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On Final: Avoiding an international incident

One of the most significant concerns for commercial air operators is limiting liability when there is an incident during a flight that could expose their company to court proceedings that claim large amounts in damages.


January 4, 2013
By Krista Bulmer

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One of the most significant concerns for commercial air operators is limiting liability when there is an incident during a flight that could expose their company to court proceedings that claim large amounts in damages. In particular, if the organization operates international flights, it’s important to be aware of the various international treaties and conventions that may limit the liability of an air carrier.

In Canada, the Carriage by Air Act incorporates the Warsaw Convention of 1929 and the Montreal Convention of 1999 (the “Convention”). The goal of these conventions was to create consistency in the application of the law to all air carriers operating internationally and they effectively limit an air carrier’s liability in certain circumstances.

In June 2012, the Ontario Superior Court of Justice reviewed the application of the Convention in the case of Gontcharov vs. Canjet and sets out when the Convention applies to international air travel.

According to his statement of claim, Gontcharov had purchased a return ticket through a tour operator for a vacation in Puerto Plata; his flights were operated by Canjet. On the return leg of the flight, he complained that he was cold and asked the flight attendants to either turn up the heat or provide him with a blanket; however both requests were denied. When he asked a second time for a blanket, he was told he was a “high-maintenance passenger” and that he would be charged $10 for the blanket. When the aircraft landed, Gontcharov was escorted off the aircraft by police and was required to stand aside with four armed guards to allow other passengers to disembark. He was detained by police for a few hours and was released with an apology from the airline.

The plaintiff commenced legal proceedings against Canjet claiming general damages, aggravated and punitive damages for pain and suffering and infliction of mental distress, and damages for forcible confinement and false imprisonment. The plaintiff also claimed he suffered damages from severe bronchitis he contracted as a result of the incident. Canjet brought a motion to strike the plaintiff’s claim on the basis that it did not disclose a cause of action since the injury was an “accident” that occurred while he was on the aircraft and is governed by the Convention.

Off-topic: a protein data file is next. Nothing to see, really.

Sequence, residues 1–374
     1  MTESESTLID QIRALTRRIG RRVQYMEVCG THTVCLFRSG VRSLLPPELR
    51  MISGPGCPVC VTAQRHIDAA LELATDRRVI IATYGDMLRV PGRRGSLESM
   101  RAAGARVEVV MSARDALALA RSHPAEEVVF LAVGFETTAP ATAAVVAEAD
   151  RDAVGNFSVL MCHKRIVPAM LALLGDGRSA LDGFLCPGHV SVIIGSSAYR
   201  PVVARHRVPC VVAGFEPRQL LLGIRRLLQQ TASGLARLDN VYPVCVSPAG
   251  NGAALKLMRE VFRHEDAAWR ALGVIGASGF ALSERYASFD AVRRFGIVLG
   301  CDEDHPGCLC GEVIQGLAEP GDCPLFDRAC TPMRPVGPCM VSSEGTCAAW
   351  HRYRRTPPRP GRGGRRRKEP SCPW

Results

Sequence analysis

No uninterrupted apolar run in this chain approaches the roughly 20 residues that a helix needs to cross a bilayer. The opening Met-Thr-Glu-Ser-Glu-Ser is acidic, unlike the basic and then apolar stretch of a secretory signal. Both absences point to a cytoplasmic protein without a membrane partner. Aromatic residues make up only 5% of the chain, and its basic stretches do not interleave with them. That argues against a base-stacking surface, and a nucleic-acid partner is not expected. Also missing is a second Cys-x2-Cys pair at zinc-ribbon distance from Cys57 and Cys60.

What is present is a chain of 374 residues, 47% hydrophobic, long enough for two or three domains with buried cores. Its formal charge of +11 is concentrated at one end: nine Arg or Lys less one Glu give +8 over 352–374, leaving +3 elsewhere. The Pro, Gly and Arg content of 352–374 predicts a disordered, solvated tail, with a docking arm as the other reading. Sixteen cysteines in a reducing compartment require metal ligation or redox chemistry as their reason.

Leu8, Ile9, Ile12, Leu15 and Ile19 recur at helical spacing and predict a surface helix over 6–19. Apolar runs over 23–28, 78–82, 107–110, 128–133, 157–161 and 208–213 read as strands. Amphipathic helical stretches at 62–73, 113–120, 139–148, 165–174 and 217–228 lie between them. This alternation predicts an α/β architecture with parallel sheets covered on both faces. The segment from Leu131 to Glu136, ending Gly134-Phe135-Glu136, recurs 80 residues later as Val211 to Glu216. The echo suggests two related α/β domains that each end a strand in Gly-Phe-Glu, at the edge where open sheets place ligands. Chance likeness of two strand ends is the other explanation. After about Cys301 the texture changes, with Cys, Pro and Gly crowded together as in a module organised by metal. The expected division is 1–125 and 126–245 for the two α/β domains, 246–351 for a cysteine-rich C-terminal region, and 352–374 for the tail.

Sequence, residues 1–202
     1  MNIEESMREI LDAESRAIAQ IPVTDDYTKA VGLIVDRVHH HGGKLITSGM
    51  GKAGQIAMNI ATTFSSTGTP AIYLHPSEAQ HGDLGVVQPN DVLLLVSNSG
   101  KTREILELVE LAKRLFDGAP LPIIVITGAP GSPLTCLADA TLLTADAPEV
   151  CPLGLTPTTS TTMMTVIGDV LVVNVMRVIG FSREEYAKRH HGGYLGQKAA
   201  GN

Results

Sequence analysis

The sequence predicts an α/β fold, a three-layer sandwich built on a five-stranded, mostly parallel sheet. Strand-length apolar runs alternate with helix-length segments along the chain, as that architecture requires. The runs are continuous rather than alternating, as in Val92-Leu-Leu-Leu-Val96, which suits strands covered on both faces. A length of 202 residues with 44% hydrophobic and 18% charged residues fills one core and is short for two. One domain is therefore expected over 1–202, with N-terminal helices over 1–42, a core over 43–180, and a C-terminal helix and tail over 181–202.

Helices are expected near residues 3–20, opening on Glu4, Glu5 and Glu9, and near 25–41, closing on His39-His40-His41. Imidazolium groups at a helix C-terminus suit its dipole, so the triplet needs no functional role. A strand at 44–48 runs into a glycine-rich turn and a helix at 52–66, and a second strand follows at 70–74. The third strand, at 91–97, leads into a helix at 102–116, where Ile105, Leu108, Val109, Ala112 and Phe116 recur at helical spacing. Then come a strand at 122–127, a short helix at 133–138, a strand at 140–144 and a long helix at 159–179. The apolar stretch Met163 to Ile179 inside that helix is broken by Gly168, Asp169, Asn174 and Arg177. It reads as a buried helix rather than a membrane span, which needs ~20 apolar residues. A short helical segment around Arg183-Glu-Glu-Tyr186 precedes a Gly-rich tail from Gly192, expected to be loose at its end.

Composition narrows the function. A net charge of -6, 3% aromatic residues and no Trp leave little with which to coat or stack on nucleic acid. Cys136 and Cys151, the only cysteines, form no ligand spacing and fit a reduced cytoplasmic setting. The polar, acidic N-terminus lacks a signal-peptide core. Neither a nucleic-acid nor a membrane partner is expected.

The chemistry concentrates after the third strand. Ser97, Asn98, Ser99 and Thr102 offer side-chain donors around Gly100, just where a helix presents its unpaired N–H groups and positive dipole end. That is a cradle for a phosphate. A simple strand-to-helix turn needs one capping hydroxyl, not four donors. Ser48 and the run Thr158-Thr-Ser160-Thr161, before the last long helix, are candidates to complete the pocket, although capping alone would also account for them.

The Convention applies “to all international carriage of persons, baggage or cargo performed by aircraft for reward. It applies equally to gratuitous carriage by aircraft performed by an air transport undertaking.” The Convention applies to commercial operations and may also apply to those independent agents who perform services for the carrier, including maintenance providers.

Article 17 of the Convention gives rise to liability for injury caused by an “accident” while onboard the aircraft or during the process of embarkation or disembarkation. Gontcharov argued that his injury occurred with his wrongful arrest by police after disembarkation but the allegations in the statement of claim were clear that the cause of his alleged injury commenced during the flight when the flight attendant refused to provide a blanket and continued throughout the plaintiff’s confinement by police.
Therefore, the Court upheld that there was a “chain of causation” and that the acts complained of by the plaintiff began on the aircraft and continued after disembarkation, so they were all part of the chain that caused the alleged injury.

The Court also reinforced the case law that interprets the term “accident” under Article 17 broadly and confirmed that an “accident” includes intentional acts of wrongdoing by carrier staff. In this case, the refusal of flight attendants to bring a blanket or provide heat fell within the definition of “accident” under the Convention.

The plaintiff was permitted to proceed with his claim for damages due to his bronchitis that arose as a result of the “accident,” but his claims for punitive, exemplary or other non-compensatory da-mages were struck because claims for these kinds of damages are not permitted under the Convention. Furthermore, the case law supported Canjet’s position that damages for psychological injury, without accompanying physical injury, are not recoverable under the Convention so the plaintiff’s claims under these heads of damage were also struck.

The end result is that Canjet’s potential liability was dramatically reduced and the Court decision supports the idea that the Convention should offer consistency and certainty to aviation claims that arise during international flights. Of course, every legal proceeding is based on its own unique set of facts but it is clear that an air operator’s liability may be significantly limited in cases where the Convention applies.


Krista Bulmer is a lawyer practising aviation law, business law and civil litigation with the law firm, Wires Jolley LLP in Toronto.